I can't remember when I started watching Law and Order: Special Victims Unit with my current fervor. But it should be noted that I do come from a Law & Order family—my dad owns several seasons on DVD and actual, somewhat scholarly books about the show—and I started watching the original series some time in late middle/early high school.
It must have been in college when my interest turned toward SVU. I remember marathoning it before marathoning was a thing; being home at odd hours of the day between classes and filling my time with episode after episode. Sometimes I watched it for so long that an automated message popped up on the screen, making sure I was still there and didn't just accidentally leave the TV on while I went out for a quart of milk.
About a year ago, I was over at my friend's house. It was in the middle of one of USA's much-trumpeted, weekend-long SVU marathons, and both our Facebook feeds had blown up with posts by people who were glued to their TV, watching. I talked about how I was one of those people who can get sucked into SVU marathons any time, anywhere, and as I kept talking I could feel myself approaching a sudden realization. Then she said what the back of my mind had been murmuring the whole time:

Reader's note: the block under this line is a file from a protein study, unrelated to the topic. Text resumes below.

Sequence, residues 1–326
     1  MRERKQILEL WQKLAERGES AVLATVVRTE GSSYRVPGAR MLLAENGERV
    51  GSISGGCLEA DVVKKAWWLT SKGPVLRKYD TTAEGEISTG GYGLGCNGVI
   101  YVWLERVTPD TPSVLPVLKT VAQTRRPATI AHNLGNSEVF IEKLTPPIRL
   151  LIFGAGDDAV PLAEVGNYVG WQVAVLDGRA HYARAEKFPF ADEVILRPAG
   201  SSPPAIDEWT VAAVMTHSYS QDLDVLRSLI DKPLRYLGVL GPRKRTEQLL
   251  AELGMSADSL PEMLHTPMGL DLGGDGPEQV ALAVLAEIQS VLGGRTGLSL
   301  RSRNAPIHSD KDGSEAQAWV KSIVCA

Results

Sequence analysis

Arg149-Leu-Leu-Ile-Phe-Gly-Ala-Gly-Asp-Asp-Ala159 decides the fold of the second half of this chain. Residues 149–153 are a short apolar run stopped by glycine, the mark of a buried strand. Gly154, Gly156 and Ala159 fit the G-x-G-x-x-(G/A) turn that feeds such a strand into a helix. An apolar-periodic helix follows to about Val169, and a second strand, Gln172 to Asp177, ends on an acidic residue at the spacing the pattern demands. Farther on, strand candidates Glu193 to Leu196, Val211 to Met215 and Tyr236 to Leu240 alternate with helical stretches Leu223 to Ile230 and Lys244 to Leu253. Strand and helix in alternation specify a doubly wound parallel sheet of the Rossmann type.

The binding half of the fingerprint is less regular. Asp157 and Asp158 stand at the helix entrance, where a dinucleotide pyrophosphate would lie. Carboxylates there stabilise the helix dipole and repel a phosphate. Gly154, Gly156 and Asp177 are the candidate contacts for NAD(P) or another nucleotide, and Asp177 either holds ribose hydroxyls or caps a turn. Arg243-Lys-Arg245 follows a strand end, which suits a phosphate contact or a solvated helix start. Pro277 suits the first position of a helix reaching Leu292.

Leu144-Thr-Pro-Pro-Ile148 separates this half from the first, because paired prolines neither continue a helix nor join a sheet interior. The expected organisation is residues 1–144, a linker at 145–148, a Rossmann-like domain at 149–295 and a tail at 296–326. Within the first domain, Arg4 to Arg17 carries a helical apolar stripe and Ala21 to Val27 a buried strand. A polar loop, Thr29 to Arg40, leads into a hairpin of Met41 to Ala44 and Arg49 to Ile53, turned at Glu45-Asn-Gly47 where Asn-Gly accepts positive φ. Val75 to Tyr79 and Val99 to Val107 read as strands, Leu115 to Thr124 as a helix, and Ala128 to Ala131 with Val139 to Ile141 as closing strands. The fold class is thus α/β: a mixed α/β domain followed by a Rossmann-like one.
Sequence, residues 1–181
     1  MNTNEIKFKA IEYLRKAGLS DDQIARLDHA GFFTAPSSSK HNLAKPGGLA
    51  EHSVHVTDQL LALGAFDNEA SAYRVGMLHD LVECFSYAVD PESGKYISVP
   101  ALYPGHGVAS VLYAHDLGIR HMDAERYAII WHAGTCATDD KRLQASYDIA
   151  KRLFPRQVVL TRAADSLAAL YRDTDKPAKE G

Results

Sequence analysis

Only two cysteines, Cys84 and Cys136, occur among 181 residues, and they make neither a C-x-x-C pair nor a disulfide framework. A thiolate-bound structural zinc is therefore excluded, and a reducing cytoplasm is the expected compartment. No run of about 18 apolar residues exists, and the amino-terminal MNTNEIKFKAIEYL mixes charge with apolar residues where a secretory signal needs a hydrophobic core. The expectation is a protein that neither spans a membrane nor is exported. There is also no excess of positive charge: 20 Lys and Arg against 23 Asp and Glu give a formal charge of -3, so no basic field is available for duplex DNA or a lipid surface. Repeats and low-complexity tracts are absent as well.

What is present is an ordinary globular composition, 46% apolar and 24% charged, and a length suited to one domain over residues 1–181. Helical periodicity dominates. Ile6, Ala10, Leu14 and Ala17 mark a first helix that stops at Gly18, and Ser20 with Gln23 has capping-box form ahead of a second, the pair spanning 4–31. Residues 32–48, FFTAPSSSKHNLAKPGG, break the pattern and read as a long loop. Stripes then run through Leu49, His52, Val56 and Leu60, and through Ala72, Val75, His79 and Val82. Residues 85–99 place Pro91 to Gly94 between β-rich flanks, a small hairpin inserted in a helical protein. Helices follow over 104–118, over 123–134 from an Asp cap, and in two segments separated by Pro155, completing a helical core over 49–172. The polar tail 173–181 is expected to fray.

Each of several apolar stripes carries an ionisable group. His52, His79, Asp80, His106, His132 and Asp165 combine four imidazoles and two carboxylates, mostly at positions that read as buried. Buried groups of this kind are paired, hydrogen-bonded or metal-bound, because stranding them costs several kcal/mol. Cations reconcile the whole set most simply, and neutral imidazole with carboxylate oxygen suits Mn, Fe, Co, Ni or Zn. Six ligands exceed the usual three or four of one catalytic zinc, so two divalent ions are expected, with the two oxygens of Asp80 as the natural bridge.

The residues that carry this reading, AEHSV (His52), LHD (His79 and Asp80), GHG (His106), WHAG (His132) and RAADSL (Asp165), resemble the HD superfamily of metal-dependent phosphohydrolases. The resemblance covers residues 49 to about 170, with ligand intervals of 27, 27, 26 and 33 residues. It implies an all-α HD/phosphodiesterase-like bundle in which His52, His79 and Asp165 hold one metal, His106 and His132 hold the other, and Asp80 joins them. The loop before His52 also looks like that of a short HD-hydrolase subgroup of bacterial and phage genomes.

"Yeah, I just . . . I can't watch it. I feel like it just really glorifies sexual violence."
Right there and then, I knew. She's not wrong.
A Phenomenon Is Born
Created in 1999 as a spin-off from the immensely popular Law & Order series, Law & Order: Special Victims Unit has become one of the most popular shows in the United States, and after a decade and a half on the air, it is the sixth-longest running series of all time. During one recent weekend marathon, a 16-hour block of episodes intended to raise awareness for human trafficking, viewership peaked at 2.8 million viewers. And that was for reruns. #SVUDieHards is a thing. There’s even a Sesame Street parody, which TBH makes me more uncomfortable than any graphic attack I’ve seen on the show itself.
Centered on the NYPD’s sex crimes unit, the show is a dark, gritty police procedural that focuses on sex crimes, and has dealt with almost every kind of “special case” there is: Rape. Child molestation. Human trafficking. Exotic animal smuggling rings.